March 1 - 1 Thessalonians 1:1-3

Friday, March 1, 2013

March 1 - 1 Thessalonians 1:1-3

Paul, Silvanus, and Timothy, To the church of the Thessalonians in God the Father and the Lord Jesus Christ: Grace to you and peace. 

We give thanks to God always for all of you, constantly mentioning you in our prayers, remembering before our God and Father your work of faith and labor of love and steadfastness of hope in our Lord Jesus Christ.

Can you imagine living in a city that can trace its founding back to 315 b.c.?  Thessaloniki is the second largest city in Greece and the capital of central Macedonia.  One of the difficult things for historians is that because the city is so vibrant, there is little opportunity for archaeological excavation.

There was a large Jewish community with a synagogue when Paul wrote these letters and he attended there frequently with his friends.   In Acts 17:2-3 we read that it was his custom to spend time there discussing the Scriptures.

Paul’s preaching, however, didn't go over too well and some of the Jews who were furious at Paul declaring Jesus to be the Messiah, gathered up some ‘bad characters’ to start a riot. They used Caesar’s decree that there was only to be one king to incite the people against Paul and hi preaching regarding Jesus.  They rushed the home of Jason and arrested any who were associated with Paul.  The believers spirited Paul out in the middle of the night and the young church was now separated from its leader. (Acts 17:1-10).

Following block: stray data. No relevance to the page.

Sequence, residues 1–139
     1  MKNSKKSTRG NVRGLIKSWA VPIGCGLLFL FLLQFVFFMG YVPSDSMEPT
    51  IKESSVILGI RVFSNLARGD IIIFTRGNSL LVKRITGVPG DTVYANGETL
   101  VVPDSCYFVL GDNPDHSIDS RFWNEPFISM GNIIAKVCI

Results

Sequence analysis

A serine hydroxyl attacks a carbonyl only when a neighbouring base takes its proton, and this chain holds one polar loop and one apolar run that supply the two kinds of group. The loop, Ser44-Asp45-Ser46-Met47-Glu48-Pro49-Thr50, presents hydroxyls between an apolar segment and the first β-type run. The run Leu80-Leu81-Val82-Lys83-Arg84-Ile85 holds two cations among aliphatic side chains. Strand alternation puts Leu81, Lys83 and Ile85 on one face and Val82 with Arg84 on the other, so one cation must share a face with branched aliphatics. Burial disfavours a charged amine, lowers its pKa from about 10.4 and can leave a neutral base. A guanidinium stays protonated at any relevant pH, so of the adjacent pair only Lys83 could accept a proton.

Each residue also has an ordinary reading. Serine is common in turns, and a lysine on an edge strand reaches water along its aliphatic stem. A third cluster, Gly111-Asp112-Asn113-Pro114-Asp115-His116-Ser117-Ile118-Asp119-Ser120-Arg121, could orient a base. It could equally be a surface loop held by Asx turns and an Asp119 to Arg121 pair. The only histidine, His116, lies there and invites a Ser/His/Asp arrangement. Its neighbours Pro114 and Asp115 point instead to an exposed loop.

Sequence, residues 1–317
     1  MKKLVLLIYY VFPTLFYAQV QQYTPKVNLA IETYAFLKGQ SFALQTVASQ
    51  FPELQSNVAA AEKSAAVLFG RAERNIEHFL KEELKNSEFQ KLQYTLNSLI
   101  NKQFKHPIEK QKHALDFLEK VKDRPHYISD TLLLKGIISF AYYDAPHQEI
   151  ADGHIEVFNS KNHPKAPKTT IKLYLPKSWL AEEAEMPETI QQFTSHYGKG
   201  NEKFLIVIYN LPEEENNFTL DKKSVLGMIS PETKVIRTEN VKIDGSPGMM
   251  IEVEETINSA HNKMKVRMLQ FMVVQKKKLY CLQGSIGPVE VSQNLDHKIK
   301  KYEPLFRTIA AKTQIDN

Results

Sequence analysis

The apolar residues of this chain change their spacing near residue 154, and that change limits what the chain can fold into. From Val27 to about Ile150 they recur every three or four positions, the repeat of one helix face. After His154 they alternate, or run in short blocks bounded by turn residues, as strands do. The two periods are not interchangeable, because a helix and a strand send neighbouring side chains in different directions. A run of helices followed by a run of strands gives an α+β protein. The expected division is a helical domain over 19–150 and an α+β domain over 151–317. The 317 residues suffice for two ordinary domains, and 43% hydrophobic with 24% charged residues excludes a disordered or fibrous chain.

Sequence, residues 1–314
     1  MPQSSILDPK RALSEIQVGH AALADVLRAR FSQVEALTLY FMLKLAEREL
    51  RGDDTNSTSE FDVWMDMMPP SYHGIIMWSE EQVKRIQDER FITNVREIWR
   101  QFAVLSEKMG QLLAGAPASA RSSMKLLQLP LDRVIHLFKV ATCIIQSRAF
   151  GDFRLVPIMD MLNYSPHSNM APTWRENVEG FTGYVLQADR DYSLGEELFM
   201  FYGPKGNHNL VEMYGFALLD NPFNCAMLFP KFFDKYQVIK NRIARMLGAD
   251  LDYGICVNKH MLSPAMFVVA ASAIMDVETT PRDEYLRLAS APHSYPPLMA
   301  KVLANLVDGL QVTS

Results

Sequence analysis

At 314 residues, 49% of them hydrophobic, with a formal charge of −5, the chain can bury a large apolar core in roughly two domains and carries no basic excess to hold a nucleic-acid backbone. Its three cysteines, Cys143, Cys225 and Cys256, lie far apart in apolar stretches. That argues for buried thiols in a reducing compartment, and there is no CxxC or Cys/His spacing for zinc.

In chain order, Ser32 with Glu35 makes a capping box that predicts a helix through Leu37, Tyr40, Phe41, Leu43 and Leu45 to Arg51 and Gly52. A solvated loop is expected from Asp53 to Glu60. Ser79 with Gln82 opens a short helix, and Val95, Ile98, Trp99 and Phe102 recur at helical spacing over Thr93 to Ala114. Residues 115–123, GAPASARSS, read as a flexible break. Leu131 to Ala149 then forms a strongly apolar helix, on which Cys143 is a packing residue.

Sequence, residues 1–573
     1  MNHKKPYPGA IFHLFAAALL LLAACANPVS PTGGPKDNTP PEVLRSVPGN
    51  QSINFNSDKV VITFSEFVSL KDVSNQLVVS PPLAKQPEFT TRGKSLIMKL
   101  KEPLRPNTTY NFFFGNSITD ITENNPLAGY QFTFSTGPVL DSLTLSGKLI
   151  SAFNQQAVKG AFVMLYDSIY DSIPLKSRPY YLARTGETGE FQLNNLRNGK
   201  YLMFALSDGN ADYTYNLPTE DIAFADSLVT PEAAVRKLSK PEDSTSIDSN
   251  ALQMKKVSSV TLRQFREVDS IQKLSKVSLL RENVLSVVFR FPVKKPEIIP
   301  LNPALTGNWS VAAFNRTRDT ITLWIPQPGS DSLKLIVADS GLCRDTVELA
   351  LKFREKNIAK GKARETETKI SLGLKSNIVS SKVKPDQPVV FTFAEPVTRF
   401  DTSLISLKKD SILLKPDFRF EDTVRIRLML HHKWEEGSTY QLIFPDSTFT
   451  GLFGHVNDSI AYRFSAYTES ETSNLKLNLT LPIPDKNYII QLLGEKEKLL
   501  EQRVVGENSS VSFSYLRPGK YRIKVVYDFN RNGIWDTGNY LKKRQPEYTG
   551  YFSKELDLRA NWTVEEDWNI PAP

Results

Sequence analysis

Timothy brought a report to Paul regarding this church and it was quite encouraging.  Paul was concerned that since he left in such a hurry, they might feel discouraged or even disillusioned, but what he found from Timothy was that they were spreading the good news of Jesus Christ.  In this letter, he answers some questions that have arisen regarding the time he spent there and his hurried departure. He also deals with some ethical questions the church seemed to have missed in growing as Christians. We will also see that some believed the imminent return of Jesus was a good reason for them to continue working, so they became a burden to their friends and family.

While we find many moral teachings in Paul’s letters, we must always remember that he is writing very personal things to people he loves and knows well.  When he writes that he is constantly mentioning them in his prayers, they are assured that he means it and cares about them deeply.